BTO publishes Bird Atlas Mapstore


The British Trust for Ornithology (BTO) has unveiled a new open-access resource which will enable users to search for distribution maps of all British and Irish birds.

The efforts of 60,000 volunteers, mapping the distribution of breeding and wintering birds across Britain and Ireland, have opened up valuable knowledge to researchers and members of the public. The result is the BTO's Bird Atlas Mapstore, a free online resource that enables anyone to access the distribution map for any British or Irish species.

Periodic surveys, mapping the distribution of birds every 20 years, have been a feature of the birding landscape since the late 1960s. These national studies, covering both Britain and Ireland and co-ordinated by the BTO, have yielded information crucial for conservation and been well used by researchers.

The first breeding atlas – the first national bird atlas anywhere in the world and conducted from 1968-72 – was described at the time as "the biggest co-operative effort ever undertaken by field ornithologists in these islands, indeed probably anywhere in the world, which will stand for many years as a tribute to the enthusiasm and industry of a large number of people". Subsequent atlases continued that theme and, collectively, the series of breeding and wintering atlases from 1968-72 to 2007-11 contains 1.4 million distribution records of 458 species.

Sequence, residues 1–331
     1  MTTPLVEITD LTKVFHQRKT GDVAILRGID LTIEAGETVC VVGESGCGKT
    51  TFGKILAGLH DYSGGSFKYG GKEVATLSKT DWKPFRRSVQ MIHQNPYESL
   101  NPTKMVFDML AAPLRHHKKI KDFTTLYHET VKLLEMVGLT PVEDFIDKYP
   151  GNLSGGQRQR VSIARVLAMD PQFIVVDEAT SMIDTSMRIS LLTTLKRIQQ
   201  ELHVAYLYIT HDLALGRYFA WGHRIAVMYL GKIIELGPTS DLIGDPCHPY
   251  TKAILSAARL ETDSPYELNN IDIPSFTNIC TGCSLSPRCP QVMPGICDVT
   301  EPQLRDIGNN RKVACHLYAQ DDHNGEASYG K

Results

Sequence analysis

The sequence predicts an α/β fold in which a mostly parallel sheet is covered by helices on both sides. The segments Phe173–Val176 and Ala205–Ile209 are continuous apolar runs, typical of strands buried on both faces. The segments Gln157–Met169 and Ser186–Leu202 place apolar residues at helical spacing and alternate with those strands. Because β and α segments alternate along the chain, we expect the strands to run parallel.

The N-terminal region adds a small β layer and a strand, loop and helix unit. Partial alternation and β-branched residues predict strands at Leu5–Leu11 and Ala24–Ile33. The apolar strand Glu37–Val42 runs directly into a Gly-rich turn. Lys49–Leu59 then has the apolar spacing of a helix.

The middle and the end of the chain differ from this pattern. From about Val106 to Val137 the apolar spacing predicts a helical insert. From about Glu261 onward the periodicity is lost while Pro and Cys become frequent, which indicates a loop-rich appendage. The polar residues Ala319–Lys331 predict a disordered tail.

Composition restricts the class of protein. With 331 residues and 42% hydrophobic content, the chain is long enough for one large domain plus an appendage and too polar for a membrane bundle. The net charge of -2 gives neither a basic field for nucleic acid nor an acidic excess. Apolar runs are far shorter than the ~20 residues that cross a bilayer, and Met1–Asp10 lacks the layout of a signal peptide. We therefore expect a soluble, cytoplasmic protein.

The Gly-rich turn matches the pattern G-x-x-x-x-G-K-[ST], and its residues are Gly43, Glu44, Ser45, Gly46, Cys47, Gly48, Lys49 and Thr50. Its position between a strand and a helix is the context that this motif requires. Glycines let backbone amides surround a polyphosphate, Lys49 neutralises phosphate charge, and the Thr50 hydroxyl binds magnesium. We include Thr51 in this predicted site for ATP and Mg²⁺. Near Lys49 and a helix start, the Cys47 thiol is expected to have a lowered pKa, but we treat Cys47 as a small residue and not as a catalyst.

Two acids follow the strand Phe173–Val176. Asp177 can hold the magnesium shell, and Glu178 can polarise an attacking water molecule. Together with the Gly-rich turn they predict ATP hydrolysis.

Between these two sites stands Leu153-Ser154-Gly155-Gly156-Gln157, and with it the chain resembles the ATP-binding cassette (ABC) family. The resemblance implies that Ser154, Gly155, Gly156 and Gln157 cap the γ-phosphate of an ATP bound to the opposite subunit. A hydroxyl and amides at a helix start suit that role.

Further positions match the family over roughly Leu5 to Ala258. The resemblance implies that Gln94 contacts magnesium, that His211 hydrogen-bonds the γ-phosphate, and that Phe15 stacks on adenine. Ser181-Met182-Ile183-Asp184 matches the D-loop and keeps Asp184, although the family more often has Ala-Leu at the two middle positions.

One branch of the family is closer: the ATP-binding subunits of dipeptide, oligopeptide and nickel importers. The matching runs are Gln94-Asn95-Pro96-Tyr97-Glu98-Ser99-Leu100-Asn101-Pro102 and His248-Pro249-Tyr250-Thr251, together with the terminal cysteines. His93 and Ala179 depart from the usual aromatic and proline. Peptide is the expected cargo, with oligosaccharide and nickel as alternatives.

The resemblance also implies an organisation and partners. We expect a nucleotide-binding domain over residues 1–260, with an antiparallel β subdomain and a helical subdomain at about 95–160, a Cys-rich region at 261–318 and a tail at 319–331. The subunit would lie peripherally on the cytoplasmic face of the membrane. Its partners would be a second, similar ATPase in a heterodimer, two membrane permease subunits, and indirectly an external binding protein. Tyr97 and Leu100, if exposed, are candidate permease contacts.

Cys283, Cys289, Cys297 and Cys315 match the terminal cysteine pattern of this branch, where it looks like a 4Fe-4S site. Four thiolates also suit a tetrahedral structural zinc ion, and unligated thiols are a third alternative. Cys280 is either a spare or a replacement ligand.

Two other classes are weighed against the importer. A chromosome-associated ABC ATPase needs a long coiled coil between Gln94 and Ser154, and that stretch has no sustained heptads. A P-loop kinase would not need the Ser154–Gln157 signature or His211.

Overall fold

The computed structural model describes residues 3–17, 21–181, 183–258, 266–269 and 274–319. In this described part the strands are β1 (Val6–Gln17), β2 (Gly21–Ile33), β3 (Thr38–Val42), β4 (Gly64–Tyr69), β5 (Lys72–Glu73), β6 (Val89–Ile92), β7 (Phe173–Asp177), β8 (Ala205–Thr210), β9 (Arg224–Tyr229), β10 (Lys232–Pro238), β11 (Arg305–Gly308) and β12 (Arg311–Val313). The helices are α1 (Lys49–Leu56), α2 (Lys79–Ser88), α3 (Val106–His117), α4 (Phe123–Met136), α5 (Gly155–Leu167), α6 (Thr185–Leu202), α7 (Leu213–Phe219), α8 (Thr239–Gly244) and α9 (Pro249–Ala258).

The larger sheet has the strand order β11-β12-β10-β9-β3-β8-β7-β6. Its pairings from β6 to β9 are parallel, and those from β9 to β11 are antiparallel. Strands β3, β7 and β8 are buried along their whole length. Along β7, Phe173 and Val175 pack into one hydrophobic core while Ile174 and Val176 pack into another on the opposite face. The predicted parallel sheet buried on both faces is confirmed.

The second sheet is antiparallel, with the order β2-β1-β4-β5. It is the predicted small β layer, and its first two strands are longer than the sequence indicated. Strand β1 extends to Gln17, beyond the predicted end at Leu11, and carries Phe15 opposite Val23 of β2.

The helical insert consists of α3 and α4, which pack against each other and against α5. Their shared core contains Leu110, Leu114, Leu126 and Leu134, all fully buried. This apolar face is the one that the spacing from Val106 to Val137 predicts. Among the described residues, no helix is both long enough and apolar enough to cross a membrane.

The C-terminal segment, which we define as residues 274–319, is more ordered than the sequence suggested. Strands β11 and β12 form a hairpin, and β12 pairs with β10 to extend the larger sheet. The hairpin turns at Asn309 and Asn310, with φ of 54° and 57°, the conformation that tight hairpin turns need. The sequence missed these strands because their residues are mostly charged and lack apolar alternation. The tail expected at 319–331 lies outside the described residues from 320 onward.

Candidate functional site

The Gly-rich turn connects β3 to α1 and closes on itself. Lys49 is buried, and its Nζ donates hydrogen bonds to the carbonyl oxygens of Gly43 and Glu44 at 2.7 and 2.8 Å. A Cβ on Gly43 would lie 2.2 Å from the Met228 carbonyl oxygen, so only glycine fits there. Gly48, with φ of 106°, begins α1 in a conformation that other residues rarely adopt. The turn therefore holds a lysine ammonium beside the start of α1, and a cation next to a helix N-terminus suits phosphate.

BTO researchers have been working with these data for many years and the Mapstore itself has been available for a while, but the underlying data have now been made freely available following the publication of a 'data paper' in the journal Global Ecology and Biogeography.

Lead author of the paper, Dr Simon Gillings of the BTO, commented: "By making the underlying distribution and change data available we hope to facilitate new work by researchers around the world, exploring topics such as species distribution modelling, assessing the drivers of distribution change and forecasting the response of species to future environmental change."

The BTO's Head of Engagement, Debbie Lee, added: "Atlas surveys have proved hugely popular with BTO's volunteers; making the results of their efforts accessible to a new generation of researchers ensures their inspiring contribution has even greater impact."

You can access the Bird Atlas Mapstore online here.